This post is just an introduction to the divide and conquer algorithm. The main algorithms based on this will be discussed in the further posts.
As the name suggests, divide and conquer algorithm first divides the problem and then solves it. So, it is a recursive algorithm which first breaks the problem into sub-problems until the subproblems are simple enough to be solved directly (mainly using brute force) called base case. It is mainly a three-step process. The steps involved are:
Step 1 → Divide the problem into smaller subproblems. For example, if you have an array, then we approach the problem by breaking the array into further smaller sub-arrays.
Step 2 → The second step is to solve the smaller subproblems. For example, if we have to search for an element in an array, then we will now search for the number in the smaller sub-arrays.
Step 3 → The third and the last step is to combine the subproblems to get the solution to the bigger problem. For example, let's consider a sorting problem. If all the sub-arrays are sorted, then it would be easy for us to get sort the main problem by combing the smaller sub-arrays.
So, we use divide and conquer when the problem is easy to divide into further subproblems and the subproblems are easy to solve.
Use of Divide and Conquer
Many algorithms are based on divide and conquer. I have only mentioned some of them in the list given below. I will discuss each of these in detail in my upcoming posts.
- Merge Sort - It is a sorting algorithm which first breaks an array into smaller arrays and then recursively sorts and merges them. The pictorial representation is given below.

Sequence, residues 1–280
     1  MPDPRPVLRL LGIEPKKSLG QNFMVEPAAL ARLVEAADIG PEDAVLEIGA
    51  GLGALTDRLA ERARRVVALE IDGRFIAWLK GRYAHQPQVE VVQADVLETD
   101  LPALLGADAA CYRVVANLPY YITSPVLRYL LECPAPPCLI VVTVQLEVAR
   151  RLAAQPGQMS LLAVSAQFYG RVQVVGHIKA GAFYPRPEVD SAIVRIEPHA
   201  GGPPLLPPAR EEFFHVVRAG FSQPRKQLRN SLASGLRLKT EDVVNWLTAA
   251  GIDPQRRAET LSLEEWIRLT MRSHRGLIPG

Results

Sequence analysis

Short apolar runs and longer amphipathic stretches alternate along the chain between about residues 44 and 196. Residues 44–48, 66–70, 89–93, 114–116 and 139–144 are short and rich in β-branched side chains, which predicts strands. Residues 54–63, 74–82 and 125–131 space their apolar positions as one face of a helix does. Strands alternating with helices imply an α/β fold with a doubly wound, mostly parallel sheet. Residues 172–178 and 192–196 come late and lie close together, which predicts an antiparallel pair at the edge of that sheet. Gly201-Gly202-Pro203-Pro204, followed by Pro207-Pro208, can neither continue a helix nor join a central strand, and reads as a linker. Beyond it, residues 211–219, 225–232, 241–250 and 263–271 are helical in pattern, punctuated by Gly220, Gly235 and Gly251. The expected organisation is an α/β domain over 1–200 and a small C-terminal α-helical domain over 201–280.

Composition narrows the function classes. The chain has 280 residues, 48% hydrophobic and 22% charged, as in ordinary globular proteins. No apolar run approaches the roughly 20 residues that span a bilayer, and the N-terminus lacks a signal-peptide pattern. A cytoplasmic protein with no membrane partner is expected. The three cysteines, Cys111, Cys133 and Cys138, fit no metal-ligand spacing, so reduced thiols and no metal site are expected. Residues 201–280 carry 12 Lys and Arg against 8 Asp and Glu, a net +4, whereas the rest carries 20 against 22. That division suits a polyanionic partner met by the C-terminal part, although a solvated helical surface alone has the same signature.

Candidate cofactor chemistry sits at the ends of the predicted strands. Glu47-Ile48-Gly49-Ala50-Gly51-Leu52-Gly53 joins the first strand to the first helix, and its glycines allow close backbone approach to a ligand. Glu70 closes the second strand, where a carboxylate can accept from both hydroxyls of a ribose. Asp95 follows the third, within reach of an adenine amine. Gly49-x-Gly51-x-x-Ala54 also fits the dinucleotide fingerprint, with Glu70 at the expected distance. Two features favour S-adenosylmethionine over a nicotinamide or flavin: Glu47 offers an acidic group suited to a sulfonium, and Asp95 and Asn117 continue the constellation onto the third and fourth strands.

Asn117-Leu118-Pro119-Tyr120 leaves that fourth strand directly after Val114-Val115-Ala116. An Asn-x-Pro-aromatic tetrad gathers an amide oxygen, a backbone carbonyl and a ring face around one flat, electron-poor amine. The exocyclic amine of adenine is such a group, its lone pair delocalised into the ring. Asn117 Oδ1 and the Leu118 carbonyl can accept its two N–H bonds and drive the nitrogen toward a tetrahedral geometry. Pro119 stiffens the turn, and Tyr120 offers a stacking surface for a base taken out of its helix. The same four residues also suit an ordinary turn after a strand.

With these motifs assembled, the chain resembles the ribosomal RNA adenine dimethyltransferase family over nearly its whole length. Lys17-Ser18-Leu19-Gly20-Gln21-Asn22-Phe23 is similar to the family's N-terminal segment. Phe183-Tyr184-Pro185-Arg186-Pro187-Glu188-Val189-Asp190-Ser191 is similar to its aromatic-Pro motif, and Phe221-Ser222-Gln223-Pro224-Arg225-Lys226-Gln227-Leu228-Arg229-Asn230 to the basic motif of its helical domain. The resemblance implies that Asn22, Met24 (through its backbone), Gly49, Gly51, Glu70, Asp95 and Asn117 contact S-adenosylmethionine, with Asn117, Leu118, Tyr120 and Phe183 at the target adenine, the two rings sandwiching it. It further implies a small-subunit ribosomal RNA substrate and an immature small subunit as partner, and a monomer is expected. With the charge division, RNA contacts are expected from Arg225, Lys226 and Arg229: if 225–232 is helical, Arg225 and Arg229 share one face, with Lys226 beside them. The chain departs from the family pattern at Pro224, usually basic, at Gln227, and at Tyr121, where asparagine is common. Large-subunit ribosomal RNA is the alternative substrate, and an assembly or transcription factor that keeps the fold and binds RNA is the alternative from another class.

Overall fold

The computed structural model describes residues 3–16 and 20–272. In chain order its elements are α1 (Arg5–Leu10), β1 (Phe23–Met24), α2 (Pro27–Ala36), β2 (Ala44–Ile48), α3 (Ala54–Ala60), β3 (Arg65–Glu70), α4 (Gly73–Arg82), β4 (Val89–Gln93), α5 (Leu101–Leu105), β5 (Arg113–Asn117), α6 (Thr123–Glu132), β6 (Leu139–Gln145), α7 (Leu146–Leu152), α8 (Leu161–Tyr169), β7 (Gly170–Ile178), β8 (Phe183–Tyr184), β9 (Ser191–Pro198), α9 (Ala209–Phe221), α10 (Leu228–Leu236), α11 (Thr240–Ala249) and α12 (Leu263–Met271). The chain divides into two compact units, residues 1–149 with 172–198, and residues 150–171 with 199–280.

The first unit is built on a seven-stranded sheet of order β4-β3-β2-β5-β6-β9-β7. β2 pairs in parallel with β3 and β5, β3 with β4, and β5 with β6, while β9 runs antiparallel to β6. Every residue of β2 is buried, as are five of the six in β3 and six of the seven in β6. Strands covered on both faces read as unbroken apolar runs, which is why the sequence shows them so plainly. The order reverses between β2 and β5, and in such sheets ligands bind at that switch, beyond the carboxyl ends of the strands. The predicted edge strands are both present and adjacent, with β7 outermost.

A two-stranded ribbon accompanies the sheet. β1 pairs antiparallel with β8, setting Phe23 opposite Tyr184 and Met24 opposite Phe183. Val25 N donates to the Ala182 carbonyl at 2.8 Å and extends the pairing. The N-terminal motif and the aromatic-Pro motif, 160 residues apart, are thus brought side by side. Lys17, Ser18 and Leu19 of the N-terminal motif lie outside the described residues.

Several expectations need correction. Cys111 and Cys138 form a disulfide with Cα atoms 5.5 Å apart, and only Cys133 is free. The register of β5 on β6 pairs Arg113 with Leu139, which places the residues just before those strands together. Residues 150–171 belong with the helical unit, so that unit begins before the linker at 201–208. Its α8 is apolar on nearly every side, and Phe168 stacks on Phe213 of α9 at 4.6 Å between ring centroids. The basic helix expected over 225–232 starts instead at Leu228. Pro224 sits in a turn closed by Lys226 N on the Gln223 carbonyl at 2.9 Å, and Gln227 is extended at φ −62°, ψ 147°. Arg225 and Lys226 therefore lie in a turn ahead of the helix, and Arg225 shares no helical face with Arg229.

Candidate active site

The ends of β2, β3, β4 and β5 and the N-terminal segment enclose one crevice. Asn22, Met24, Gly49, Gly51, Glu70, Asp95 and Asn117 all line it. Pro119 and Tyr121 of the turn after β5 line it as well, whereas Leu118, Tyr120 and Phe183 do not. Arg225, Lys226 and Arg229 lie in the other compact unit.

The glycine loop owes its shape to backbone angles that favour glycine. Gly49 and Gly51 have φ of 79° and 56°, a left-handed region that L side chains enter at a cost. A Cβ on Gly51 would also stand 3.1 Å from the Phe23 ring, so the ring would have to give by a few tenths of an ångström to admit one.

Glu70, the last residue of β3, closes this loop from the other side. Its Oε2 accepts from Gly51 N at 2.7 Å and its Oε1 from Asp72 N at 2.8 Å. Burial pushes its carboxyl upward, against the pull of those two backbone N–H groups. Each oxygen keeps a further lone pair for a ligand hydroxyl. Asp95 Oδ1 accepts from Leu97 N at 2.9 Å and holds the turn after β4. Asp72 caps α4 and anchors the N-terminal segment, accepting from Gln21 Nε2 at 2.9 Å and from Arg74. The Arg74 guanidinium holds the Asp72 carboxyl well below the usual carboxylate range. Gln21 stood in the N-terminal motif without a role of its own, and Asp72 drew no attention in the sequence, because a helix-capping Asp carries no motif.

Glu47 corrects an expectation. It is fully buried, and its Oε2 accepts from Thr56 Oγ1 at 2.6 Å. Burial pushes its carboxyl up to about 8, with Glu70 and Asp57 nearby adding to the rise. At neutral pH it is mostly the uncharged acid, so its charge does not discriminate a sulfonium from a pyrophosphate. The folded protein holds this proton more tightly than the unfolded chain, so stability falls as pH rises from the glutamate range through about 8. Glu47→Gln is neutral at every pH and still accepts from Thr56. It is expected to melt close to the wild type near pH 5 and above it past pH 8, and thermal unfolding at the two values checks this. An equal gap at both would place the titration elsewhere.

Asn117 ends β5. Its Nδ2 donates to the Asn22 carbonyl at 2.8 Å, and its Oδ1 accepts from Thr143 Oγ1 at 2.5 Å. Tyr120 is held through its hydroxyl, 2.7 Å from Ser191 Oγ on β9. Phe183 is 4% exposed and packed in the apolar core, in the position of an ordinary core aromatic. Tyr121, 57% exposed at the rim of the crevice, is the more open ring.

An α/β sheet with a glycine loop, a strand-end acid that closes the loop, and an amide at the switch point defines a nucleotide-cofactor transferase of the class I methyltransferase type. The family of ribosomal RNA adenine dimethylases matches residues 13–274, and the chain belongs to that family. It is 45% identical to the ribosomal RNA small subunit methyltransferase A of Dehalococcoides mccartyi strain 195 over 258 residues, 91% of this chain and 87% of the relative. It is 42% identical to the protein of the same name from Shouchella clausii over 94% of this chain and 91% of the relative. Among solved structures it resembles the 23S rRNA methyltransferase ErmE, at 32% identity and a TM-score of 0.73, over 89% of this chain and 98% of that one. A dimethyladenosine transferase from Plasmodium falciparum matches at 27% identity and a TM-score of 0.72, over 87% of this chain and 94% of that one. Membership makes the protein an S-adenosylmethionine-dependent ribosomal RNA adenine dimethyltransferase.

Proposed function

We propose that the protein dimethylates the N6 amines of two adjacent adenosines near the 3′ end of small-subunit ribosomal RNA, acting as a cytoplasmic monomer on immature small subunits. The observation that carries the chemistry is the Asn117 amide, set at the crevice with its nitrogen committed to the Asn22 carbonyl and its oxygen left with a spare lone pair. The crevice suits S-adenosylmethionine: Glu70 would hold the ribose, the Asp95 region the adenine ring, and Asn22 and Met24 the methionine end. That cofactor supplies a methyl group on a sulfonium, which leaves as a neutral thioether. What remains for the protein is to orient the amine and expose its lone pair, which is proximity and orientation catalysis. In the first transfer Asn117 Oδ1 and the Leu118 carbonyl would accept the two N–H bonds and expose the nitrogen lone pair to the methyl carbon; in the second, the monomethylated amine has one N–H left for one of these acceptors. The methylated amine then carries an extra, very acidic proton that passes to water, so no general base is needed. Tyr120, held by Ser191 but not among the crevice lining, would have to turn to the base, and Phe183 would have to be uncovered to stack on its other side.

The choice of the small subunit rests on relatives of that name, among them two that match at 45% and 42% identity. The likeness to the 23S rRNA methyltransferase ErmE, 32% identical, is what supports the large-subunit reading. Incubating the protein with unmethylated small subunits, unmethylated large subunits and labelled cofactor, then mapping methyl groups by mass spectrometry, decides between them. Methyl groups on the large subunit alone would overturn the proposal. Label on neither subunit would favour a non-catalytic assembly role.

- Quicksort - It is a technique in which a pivot is chosen and then all the elements smaller than the pivot are moved on one side of the array and all the elements bigger than the pivot are moved to another side. This is then repeated recursively for the subarrays.
- Binary Search - It is an algorithm to search for an element in a sorted array. We first look at the middle element of the array and if the element matches then it is returned, otherwise if it is smaller, then we search in the left subarray, else in the right subarray.
- Karatsuba Algorithm - It is an algorithm of fast-multiplying two numbers efficiently. I will discuss the detail in an upcoming post.
- Closest Pair of Points - The closest pair of points is a problem in which we are given a set of points in XY plane and we have to find a pair of points with the least distance. The time complexity of the Brute Force solution is O(n^{2}) i.e., ^{n}C_{2} but we can solve it in O(nlogn) with divide and conquer. We first sort the points to their x-coordinates and then divide the set into two parts and recursively solve both.